Performance art series "Out of Site" invades Wicker Park

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Labor Keeps the Heart performed at Polish Triangle, July 27, 2012.

Labor Keeps the Heart performed at Polish Triangle, July 27, 2012. Photograph: Courtesy of Cesario Moza

At the Polish Triangle on a recent Friday afternoon, there's the usual stream of people exiting the Division Blue Line stop, the usual flock of pigeons and pigeon droppings, and a man in a white T-shirt sitting on the rim of the Nelson Algren Fountain talking to himself. FOR THE MASSES WHO DO THE CITY’S LABOR ALSO KEEP THE CITY’S HEART reads the inscription circling the fountain—words from Algren's Chicago: City on the Make. Shortly after 5pm, a cluster of 10 to 15 pedestrians gathers. They look like average commuters, toting iPods, purses, backpacks. Wordlessly, each one raises a hand, their palms painted a fire-engine red. Standing motionless with red hands raised, as if conducting some sort of otherworldly greeting, they eventually break into a collective "ooooooh" before dispersing.


"What the fuuuck?" says a skater dude smoking a cigarette who has just witnessed the spectacle. The man in the white T is unnerved by the performance and seems to be voicing his concern (while I momentarily wonder if he's part of it). Meanwhile, the performers are crossing the streets around the Triangle, holding up their red hands till the red hand in the crosswalk sign turns to the white walking man. Stop, look, listen, their gestures seem to say. They cross back to the Triangle, as additional performers join in, and begin the hand gesture and vocalization all over again. A teen girl, poised to take iPhone pics, is bummed. "I thought this was gonna be a flash mob," she says.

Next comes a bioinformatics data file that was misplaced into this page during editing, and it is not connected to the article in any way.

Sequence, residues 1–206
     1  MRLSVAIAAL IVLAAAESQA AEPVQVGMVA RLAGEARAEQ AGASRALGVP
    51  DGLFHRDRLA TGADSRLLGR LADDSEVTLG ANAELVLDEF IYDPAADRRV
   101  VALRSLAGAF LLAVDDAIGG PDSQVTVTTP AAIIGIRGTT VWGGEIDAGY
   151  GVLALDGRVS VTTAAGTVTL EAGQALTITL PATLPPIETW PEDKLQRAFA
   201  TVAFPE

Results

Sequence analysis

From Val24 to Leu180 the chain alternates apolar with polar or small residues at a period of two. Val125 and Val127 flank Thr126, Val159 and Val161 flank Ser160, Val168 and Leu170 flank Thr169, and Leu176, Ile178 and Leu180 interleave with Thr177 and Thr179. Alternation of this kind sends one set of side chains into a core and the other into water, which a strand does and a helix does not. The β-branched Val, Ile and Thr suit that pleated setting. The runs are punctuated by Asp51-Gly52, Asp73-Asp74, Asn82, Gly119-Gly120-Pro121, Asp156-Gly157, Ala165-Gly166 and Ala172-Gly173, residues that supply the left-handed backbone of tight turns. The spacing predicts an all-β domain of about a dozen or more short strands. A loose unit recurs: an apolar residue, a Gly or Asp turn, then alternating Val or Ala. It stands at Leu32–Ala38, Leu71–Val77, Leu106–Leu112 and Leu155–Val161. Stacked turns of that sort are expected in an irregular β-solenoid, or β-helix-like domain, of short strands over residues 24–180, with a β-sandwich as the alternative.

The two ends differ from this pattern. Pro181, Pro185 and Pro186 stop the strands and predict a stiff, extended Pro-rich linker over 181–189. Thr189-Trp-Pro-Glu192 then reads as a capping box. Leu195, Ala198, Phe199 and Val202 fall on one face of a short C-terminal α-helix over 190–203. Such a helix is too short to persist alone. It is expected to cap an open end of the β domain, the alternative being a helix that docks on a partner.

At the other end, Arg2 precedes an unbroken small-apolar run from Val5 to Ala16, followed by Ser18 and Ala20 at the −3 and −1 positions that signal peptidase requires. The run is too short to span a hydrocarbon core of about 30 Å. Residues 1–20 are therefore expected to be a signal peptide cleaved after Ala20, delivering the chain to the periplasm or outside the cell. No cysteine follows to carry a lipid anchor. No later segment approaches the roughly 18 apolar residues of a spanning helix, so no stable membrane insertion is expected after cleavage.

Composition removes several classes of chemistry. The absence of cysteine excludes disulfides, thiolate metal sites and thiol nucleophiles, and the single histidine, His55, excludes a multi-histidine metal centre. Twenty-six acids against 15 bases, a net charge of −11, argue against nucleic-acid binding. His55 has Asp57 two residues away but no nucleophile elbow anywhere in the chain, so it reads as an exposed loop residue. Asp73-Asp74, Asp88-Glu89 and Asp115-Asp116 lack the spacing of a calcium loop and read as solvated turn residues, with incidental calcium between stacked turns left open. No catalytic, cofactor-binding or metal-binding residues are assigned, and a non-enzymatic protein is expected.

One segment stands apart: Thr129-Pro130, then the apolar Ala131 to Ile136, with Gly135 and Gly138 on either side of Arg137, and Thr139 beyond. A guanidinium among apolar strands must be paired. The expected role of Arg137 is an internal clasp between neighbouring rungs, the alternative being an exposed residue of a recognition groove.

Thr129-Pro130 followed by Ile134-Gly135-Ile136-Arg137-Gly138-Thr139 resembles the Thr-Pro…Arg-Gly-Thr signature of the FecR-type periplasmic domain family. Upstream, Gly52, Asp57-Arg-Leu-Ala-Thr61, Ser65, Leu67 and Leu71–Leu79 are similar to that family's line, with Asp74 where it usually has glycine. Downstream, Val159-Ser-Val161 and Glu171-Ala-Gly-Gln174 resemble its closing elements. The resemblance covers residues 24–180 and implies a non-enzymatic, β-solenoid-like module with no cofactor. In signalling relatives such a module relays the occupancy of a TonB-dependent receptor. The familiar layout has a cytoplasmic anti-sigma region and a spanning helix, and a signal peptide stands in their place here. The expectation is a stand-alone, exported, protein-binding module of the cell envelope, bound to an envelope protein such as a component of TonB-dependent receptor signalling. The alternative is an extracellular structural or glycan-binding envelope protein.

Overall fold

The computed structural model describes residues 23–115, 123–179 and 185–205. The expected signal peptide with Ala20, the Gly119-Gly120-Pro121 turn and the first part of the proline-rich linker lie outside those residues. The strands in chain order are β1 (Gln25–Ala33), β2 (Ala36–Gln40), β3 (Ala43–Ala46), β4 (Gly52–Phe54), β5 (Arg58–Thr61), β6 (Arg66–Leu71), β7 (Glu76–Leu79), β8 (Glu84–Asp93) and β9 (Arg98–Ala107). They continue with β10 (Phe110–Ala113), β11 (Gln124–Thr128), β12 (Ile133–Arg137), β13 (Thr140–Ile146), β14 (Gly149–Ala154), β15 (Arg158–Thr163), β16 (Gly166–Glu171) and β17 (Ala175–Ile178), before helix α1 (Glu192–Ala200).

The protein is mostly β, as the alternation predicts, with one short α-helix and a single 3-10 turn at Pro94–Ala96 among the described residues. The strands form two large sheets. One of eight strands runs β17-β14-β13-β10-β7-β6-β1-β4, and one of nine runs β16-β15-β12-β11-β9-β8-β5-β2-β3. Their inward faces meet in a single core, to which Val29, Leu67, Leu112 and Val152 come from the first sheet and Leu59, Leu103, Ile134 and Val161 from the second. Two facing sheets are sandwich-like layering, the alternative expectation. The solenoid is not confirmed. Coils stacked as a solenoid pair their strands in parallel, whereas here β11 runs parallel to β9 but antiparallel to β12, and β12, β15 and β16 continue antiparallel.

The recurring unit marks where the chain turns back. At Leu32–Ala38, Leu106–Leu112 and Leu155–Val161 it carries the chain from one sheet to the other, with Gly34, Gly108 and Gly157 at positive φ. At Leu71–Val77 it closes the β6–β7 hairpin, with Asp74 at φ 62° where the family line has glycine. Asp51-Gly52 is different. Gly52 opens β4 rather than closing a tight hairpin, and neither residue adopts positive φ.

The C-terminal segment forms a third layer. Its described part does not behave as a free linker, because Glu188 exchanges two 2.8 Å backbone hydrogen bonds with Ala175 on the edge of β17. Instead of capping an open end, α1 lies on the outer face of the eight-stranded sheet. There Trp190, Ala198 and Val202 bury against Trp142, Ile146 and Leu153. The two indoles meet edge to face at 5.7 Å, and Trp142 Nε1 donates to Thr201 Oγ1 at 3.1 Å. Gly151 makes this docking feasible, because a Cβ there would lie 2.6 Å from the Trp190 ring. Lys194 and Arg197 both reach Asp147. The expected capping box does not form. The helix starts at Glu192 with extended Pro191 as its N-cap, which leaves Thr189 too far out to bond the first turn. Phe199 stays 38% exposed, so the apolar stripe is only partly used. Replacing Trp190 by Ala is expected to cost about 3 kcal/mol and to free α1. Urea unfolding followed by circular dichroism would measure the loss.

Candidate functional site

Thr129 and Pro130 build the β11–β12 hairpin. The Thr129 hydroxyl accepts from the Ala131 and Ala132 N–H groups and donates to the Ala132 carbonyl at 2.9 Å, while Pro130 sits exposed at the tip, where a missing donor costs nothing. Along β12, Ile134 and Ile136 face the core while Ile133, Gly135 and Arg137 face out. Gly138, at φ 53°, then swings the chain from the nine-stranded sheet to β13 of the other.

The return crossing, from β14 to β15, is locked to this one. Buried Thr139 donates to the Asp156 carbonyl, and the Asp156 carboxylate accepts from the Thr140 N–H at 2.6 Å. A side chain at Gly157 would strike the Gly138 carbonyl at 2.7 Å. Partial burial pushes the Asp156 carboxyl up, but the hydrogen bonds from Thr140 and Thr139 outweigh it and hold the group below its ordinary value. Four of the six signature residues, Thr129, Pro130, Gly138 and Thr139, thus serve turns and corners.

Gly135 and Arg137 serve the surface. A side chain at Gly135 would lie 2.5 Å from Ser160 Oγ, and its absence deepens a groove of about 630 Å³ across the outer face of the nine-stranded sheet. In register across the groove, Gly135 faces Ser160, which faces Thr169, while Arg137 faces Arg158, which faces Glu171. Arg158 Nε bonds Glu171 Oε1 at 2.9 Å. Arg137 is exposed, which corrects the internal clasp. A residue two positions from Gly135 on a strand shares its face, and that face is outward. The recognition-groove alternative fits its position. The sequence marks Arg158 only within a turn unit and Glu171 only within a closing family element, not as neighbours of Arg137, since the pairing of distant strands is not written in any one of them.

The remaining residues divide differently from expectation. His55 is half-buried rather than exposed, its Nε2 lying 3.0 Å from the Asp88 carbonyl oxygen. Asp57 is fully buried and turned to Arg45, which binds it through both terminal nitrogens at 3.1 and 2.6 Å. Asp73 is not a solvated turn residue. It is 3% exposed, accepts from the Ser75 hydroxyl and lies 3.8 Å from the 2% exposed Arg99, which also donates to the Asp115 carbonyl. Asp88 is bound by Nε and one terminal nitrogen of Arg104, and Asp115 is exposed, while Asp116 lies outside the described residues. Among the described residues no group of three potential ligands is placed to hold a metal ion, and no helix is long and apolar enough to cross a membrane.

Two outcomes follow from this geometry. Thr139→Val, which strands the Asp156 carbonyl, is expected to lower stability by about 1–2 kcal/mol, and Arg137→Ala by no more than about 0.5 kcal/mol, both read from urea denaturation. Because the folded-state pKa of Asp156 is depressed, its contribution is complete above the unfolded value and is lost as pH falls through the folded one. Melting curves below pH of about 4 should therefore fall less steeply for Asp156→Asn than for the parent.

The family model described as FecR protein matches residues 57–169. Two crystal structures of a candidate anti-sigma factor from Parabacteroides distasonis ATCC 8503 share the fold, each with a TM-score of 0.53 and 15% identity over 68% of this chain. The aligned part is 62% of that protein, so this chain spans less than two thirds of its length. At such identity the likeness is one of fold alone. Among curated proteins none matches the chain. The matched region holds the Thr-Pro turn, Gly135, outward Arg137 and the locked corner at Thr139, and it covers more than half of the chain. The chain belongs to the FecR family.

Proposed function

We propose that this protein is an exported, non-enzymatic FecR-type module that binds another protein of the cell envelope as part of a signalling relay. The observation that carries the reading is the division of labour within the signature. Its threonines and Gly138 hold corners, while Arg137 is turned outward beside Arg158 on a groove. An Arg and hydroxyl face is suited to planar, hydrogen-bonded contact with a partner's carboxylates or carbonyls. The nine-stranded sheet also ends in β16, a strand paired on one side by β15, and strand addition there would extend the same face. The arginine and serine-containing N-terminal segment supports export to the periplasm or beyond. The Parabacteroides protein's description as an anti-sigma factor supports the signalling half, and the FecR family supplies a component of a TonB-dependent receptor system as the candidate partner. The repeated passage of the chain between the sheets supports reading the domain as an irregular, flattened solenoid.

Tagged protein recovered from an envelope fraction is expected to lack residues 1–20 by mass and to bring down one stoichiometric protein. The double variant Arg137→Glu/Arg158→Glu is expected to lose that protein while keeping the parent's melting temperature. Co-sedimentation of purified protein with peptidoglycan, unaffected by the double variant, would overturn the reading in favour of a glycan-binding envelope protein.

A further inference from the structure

Titled Labor Keeps the Heart, the piece was directed by ROOMS Gallery, a.k.a. Marrakesh Glasspool-Frugia and Todd Frugia. The title is a nod to the Algren quote, and the visual and auditory elements are intended to evoke flocking birds. But conjuring pigeons isn’t really the point. By blending into the crowd as everyday pedestrians, then reemerging as performers, the 24 participants capture the attention of passersby and snap them out of their own everyday routines.


To facilitate unexpected encounters and moments of wonder is the mission of the Out of Site series, which features 12 performance artworks throughout Wicker Park and Bucktown every Friday from 5–7 pm, through October 12. Labor Keeps the Heart was the first in the series; upcoming “encounters” include a variety of quirky scenarios and notable artists. A performer hunched inside a box near the Damen and Division Blue Line stops (Mothergirl, August 10), an adhesive-covered performer walking from the Western El stop to Division (Marcus Vinícius, September 7), and The Squanderers, a sculptural wandering performance on Milwaukee Avenue from Division to North (3 Card Molly, October 5), all promise to rile Chicagoans from their end-of-the-workweek stupor.


Created by Whitney Tassie, former director of moniquemeloche, and artist/writer/educator Carron Little, the series both exposes the Chicago performance art community to a larger audience—including those who don’t normally flock to performance art—and supports the community by providing stipends for the participating artists. If Labor Keeps the Heart is any indication, this year’s series should continue to provide plenty of unexpected and perhaps delightfully “WTF?” moments in which public and performance collide.



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